United States District Court, D. Rhode Island
MEMORANDUM AND ORDER
WILLIAM E. SMITH, CHIEF JUDGE.
Wissam Khalil and Bassam Khalil have pled guilty to various
crimes, including contraband cigarette trafficking in
violation of 18 U.S.C. § 2342. (See Judgment
Orders, ECF Nos. 197, 198.) As part of their sentence, this
Court ordered that both Defendants pay restitution, but left
the restitution amount unresolved in the hopes that the
parties could come to an agreement. (Order Rest., ECF No.
204.) The parties have been unable to do so, and the
Government moves for an order compelling Defendants to
commence making restitution payments. (Gov't Mot.
Enforce, ECF No. 206.) Defendants have filed an Objection to
the Government's Motion (ECF Nos. 214, 216) to which the
Government has filed a Reply (ECF No. 215). This Court held
an evidentiary hearing on the motion on February 24, 2017.
reasons set forth herein, the Government's Motion to
Enforce (ECF No. 206) is DENIED without prejudice. I.
Defendants' Objections to Restitution Defendants Wissam
Khalil and Bassam Khalil have provided several arguments for
why they should not be required to pay restitution. Each of
Defendants' arguments are addressed below.
argue that the Court cannot order restitution because their
plea agreements do not provide for the imposition of
restitution. The Court disagrees. The First Circuit has
consistently held that courts should interpret plea
agreements as they would ordinary contracts, subject to
certain limitations. See, e.g., United States v.
Alegria, 192 F.3d 179, 183 (1st Cir. 1999) (“If a
plea agreement unambiguously resolves an issue, that usually
ends the judicial inquiry.”) Paragraph Two Section C of
both Defendants' plea agreements states, “[t]he
government is free to recommend any combination of supervised
release, fines, and restitution which it deems
appropriate.” (Plea Agreement 2, ECF Nos. 170, 171.)
This language is unambiguous: the Court may order
restitution. See United States v. Caramadre, 807
F.3d 359, 378-79 (1st Cir. 2015) (reviewing identical plea
agreement language and holding that “[t]he clear
implication of this statement is that restitution would be
part of [the Defendant's] sentence”).
even absent specific language in the plea agreement, the
Court has independent authority to impose restitution. 18
U.S.C. § 3663 states, in part, that “[t]he court,
when sentencing a defendant convicted of an offense under
this title . . . may order . . . that the defendant make
restitution to any victim of such offense . . . .” The
First Circuit, citing this statute, has held “[t]hat
restitution is a part of [the Defendant's] sentence
scarcely can be doubted.” Caramadre, 807 F.3d
at 378. Therefore, without even looking to the language of
Defendants' plea agreements, the Court is free to impose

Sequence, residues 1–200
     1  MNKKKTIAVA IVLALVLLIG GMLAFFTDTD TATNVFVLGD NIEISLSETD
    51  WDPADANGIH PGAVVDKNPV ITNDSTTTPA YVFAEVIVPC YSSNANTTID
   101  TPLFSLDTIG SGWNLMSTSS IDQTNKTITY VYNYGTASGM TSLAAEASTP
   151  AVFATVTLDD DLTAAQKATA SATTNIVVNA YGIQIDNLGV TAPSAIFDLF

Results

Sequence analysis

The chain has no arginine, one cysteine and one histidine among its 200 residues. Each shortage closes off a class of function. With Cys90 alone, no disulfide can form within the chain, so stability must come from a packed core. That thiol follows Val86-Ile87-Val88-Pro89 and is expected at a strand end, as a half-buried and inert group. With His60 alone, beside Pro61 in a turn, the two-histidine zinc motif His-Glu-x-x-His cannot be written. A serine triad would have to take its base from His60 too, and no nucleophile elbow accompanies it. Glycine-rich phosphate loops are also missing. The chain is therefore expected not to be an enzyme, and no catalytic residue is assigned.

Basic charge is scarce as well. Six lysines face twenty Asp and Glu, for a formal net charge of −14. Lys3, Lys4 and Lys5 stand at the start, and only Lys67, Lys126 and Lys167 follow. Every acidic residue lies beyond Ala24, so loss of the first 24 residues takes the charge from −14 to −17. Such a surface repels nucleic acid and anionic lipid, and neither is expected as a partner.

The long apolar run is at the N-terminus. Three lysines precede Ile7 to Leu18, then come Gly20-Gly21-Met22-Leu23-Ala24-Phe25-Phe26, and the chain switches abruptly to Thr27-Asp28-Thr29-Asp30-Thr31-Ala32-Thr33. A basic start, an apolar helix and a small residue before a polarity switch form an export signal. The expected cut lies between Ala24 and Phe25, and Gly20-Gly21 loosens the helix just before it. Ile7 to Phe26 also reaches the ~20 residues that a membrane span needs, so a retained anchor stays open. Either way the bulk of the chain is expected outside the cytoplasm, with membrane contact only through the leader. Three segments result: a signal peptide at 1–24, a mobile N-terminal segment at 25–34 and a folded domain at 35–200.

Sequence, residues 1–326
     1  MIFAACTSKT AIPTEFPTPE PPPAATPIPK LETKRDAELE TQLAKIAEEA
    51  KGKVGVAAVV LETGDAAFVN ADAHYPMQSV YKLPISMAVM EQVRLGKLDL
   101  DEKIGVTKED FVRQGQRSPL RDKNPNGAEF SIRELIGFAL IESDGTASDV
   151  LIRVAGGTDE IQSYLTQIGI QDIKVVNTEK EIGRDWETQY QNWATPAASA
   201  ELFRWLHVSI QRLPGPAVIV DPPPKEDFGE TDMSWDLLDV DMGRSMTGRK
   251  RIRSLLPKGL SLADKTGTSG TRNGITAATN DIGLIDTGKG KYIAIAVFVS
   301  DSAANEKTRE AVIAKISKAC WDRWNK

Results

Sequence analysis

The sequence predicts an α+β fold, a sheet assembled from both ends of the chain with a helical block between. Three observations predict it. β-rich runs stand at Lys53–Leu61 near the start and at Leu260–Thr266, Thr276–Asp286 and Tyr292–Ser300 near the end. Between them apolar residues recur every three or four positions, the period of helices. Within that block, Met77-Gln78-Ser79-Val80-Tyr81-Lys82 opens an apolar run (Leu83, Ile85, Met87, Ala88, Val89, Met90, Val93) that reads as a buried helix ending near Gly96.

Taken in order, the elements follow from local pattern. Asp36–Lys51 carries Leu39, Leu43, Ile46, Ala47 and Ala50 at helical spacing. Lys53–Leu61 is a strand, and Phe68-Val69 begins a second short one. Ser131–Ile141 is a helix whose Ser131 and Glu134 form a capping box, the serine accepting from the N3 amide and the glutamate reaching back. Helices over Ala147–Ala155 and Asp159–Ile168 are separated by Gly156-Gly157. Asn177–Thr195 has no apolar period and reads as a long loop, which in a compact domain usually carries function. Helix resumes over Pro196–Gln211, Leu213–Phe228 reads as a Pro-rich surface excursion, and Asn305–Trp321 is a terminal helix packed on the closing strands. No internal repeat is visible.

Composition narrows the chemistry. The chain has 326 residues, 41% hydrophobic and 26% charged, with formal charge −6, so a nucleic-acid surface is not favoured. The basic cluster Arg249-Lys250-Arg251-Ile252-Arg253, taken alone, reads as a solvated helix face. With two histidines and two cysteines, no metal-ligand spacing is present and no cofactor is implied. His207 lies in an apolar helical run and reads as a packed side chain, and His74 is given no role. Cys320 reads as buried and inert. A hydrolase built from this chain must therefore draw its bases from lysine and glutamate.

an order of restitution.
second issue raised by Defendants is whether the Government
complied with the notice requirements in 18 U.S.C. §
3664(d)(2)(A)-(B). The two victims in this case are the State
of Rhode Island and the Commonwealth of Virginia. (P.S.R. for
Bassam Khalil ¶ 27, ECF No. 180; P.S.R. for Wissam
Khalil ¶ 44, ECF No. 182.) Defendants do not dispute
that the Government provided both victims with a
“Declaration of Victim Losses” form. That form
provides victims with information regarding the losses
sustained and an opportunity to submit an affidavit.
(Id.) The Government has therefore complied with the
notice requirements set forth in section 3664(d)(2)(A)-(B).
Restitution to the Commonwealth of Virginia
third argument is that the amounts allegedly owed to the
State of Virginia “were in fact paid.”
(Def.'s Resp. ¶ 3, ECF No. 214.) The Government
disputes that assertion, but “concedes” that
“despite repeated attempts to secure a declaration of
loss from the Commonwealth of Virginia, no such document was
produced.” (Gov't Rebuttal ¶ 3, ECF No. 215.)
Therefore, the Government is not seeking, and the Court will
not order, restitution for the Commonwealth of Virginia.
Possible Mitigating Factors
fourth issue raised by Defendants is whether the Court should
reduce the amount of Defendants' restitution because law
enforcement, as part of this case, seized Defendants'
vehicle and cash. By statute, the Court must consider
“the financial resources of the defendant, the
financial needs and earning ability of the defendant and the
defendant's dependents, and such other factors as the
court deems appropriate.” 18 U.S.C. §
3663(B)(i)(II). However, “[t]he burden of demonstrating
the financial resources of the defendant and the financial
needs of the defendant's dependents, shall be on the
defendant.” 18 § U.S.C. 3664(e). Here, Defendants
do even not argue that the seized vehicle and cash must be
considered because of Defendants' “financial
resources” or the “financial needs and earning
ability of” Defendants and their dependents.
(See ECF Nos. 214, 216.)
Court therefore need only consider the Defendants' seized
property as it “deems appropriate.” Defendants
fail to cite any authority for the proposition that a
defendant's loss, incurred because of criminal
forfeiture, is an appropriate consideration in ordering
restitution. Furthermore, the Court finds that providing a
credit against restitution for seized items in this case
would inhibit the “objective” of restitution,
which is “to make the victim whole.” See
United States v. Salas-Fernandez, 620 F.3d 45, 49 (1st
Cir. 2010); United States v. Acosta, 303 F.3d 78, 86
(1st Cir. 2002) (“The purpose behind the statute is to
insure that the wrongdoer make good, to the degree possible,
the harm he ...